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Conservative Party Conference Round UpBack

RMIReport1This week we attended the Conservative Party Conference. Various meetings with a number of MPs have provided us with valuable insights particularly about the issue of mileage fraud as well as the future of the UK after Brexit.

Key MP meetings:

  • Stephen Hammond MP, Parliamentary Under-Secretary (Department for Transport) (Roads and Motoring) Sep 2012 – Jul 2014 (Wimbledon MP)
  • Ben Howlett MP, (Bath MP)
  • Rt Hon Nicky Morgan MP (Loughborough MP) – has previously held 6 Cabinet positions
  • Dominic Rabb MP (Esher and Walton MP)
  • Chris Pincher MP, Assistant Whip (HM Treasury) Jul 2016 – (Tamworth MP)
  • Rt Hon John Hayes MP, Minister of State (Department for Transport) Jul 2016 – (South Holland and The Deepings MP)
  • Sheridan Westlake OBE – ‎Special Adviser to the Prime Minister – ‎10 Downing Street

Following these meetings, NFDA will be looking to set up constituency visits with MPs and dealers.

As a result of our meeting with Sheridan Westlake and Rt Hon John Hayes MP, we will now be progressing further with our activity to encourage the outlawing of mileage fraud. Sheridan Westlake gave us advice on how to develop our mileage fraud campaign and we will now be putting these points forward to Rt Hon John Hayes MP, Minister of State (Department for Transport) who is in charge for mileage adjustment.

Dominic Rabb MP:       Tariffs discussion

Rabb stated that what will happen is an attempt from the UK to divorce migration from tariffs. Therefore, the UK will say “no” to free movement of people and that this is not negotiable because of the referendum vote, but that the country is open to a discussion on tariffs.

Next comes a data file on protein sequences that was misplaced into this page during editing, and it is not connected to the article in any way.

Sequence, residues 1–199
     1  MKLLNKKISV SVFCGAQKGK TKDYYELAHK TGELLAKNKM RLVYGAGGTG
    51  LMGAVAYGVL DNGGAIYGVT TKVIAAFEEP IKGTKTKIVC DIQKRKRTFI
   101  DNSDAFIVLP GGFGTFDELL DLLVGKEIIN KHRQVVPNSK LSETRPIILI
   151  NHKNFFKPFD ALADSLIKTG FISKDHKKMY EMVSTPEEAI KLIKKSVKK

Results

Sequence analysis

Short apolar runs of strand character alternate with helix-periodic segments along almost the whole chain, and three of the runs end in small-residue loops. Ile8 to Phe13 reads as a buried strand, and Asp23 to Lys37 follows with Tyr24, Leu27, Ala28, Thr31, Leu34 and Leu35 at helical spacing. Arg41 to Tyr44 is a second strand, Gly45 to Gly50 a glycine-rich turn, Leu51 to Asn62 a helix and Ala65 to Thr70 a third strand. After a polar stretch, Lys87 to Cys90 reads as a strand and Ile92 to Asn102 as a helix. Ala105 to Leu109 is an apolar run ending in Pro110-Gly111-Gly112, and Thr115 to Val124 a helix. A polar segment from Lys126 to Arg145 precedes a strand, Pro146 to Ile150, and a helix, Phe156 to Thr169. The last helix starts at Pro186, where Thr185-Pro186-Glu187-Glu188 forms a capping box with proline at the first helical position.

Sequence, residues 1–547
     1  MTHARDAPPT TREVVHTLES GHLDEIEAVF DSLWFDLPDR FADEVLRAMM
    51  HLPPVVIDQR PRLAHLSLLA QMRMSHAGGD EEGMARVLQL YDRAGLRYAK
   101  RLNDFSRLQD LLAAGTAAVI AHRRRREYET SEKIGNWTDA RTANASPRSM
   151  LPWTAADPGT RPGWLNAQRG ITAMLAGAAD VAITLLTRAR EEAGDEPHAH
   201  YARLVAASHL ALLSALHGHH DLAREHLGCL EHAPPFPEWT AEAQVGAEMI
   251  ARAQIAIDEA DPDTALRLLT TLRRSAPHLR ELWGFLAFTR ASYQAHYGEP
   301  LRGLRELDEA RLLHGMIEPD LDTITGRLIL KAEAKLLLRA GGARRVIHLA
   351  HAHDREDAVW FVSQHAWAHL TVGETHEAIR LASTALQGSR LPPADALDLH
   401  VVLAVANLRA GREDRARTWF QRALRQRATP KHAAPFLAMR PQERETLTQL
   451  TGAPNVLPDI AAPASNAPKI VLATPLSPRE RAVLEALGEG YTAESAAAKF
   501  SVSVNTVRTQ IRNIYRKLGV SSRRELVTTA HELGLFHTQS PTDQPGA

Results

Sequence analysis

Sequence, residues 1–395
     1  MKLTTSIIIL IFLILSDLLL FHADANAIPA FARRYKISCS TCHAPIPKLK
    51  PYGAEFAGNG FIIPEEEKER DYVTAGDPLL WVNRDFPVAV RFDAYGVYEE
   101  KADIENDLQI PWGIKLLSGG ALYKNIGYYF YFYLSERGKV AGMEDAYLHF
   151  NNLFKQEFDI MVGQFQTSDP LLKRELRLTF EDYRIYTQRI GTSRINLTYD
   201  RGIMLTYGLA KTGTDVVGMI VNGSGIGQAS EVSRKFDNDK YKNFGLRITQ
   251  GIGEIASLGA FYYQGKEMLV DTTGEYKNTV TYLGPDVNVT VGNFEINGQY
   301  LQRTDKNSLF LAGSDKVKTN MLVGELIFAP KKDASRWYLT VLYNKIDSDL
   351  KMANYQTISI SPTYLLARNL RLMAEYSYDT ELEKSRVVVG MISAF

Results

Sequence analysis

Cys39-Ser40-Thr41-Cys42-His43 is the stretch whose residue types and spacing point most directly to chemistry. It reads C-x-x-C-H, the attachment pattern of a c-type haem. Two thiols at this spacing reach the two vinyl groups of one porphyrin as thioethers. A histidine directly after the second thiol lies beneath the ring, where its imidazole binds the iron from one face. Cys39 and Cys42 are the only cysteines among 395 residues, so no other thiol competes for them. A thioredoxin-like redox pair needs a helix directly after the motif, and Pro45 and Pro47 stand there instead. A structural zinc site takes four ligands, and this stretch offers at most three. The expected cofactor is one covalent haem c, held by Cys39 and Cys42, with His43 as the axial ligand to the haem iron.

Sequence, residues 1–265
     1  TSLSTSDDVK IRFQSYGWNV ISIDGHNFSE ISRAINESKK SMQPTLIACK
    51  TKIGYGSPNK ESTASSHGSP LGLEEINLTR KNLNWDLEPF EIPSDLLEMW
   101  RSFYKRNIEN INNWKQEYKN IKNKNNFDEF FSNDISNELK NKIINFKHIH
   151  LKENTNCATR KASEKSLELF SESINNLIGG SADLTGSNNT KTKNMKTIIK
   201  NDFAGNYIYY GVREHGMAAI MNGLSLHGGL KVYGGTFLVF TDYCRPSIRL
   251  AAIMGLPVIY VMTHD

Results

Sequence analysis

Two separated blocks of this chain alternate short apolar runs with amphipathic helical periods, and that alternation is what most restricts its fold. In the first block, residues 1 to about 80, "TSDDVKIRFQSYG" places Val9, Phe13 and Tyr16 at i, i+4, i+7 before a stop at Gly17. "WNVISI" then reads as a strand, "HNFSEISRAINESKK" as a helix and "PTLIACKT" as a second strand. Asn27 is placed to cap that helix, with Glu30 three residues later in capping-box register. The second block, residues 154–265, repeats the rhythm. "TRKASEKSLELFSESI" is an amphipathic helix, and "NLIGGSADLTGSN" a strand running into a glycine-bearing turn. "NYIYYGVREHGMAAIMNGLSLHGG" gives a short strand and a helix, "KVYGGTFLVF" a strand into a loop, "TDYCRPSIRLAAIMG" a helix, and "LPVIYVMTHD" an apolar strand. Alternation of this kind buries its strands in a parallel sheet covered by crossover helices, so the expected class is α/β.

He stated:

  • Just because the EU might impose tariffs on trade with the UK, does not mean the UK will also impose tariffs. Government will not want to penalise UK consumers with an additional rise in consumer prices to absorb tariff costs.
  • German manufacturers do not want higher tariffs than the UK.

NFDA comments:

  • Some manufacturers may have issues because the UK is not penalising EU cars, but UK vehicles going to Europe are being penalised (such as Nissan, BMW).
  • It is important that any help provided to the UK’s automotive industry, does not look like special treatment.

Fringe Event – Beyond Brexit, The Times Interview (Red Box) with Rt Hon Amber Rudd MP, Secretary of State for Home Office

Amber Rudd interviewed by Matt Chorley

Rudd’s priorities:

  • Support for most vulnerable
  • Community integration for migrants
  • Tens of thousands reduction in migrants (“it may take some time”).

Government is still working on who will and who will not be “ok” to migrate to the UK. Assessing the needs of different sectors and of the industry, those who are needed, will have more ability to come to the UK to live and work.

  • If the industry needs movement of labour, it must be raised with the Government.
  • Rudd stated reduction in immigration cannot hinder the economy
  • Business is to be prioritised


Matt Chorley: “What was the big mistake of the ‘Remain’ campaign?”

Rudd, a fierce Remain supporter and campaigner, said she was “not going to waste time working out what went wrong”, instead she said it was important the Government now just looked for the best deal. Rudd concluded that the Cabinet was united on this.

Steve Hawks, The Sun: How difficult is it for a big Remain supporter to now sit in quite a hard Brexit Government/Cabinet?

“I accept the result” was the Home Secretary’s reply. She continued that there was still a lot to be negotiated and discussed at an EU and international level and it was “important to have people like myself there to influence decisions” – remain voices and Brexit voices both need to be heard.